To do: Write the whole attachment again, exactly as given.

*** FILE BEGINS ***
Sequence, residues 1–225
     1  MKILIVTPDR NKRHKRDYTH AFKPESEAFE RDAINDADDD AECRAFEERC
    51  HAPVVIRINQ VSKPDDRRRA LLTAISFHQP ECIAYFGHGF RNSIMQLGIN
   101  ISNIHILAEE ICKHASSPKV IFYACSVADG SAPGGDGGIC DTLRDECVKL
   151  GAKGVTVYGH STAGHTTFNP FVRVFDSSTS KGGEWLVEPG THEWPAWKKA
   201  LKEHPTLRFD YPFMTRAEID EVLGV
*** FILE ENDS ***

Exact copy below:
Sequence, residues 1–225
     1  MKILIVTPDR NKRHKRDYTH AFKPESEAFE RDAINDADDD AECRAFEERC
    51  HAPVVIRINQ VSKPDDRRRA LLTAISFHQP ECIAYFGHGF RNSIMQLGIN
   101  ISNIHILAEE ICKHASSPKV IFYACSVADG SAPGGDGGIC DTLRDECVKL
   151  GAKGVTVYGH STAGHTTFNP FVRVFDSSTS KGGEWLVEPG THEWPAWKKA
   201  LKEHPTLRFD YPFMTRAEID EVLGV